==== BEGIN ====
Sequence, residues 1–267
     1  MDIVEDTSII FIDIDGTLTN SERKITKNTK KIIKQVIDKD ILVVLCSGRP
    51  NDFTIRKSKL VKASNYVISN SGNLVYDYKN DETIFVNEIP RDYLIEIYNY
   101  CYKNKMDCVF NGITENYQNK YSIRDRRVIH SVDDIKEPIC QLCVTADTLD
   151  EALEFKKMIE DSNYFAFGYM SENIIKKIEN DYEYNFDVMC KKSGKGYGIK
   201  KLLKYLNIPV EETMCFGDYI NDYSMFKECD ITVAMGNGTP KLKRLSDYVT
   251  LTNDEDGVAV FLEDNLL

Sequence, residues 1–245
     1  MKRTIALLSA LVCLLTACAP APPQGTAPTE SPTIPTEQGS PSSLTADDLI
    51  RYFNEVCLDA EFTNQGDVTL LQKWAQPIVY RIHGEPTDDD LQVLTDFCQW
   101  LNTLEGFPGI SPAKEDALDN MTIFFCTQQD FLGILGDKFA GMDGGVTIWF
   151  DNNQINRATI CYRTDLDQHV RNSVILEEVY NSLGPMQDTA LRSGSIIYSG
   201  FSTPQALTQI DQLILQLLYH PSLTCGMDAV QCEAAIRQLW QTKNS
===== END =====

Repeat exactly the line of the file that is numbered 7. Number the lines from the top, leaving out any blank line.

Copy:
   251  LTNDEDGVAV FLEDNLL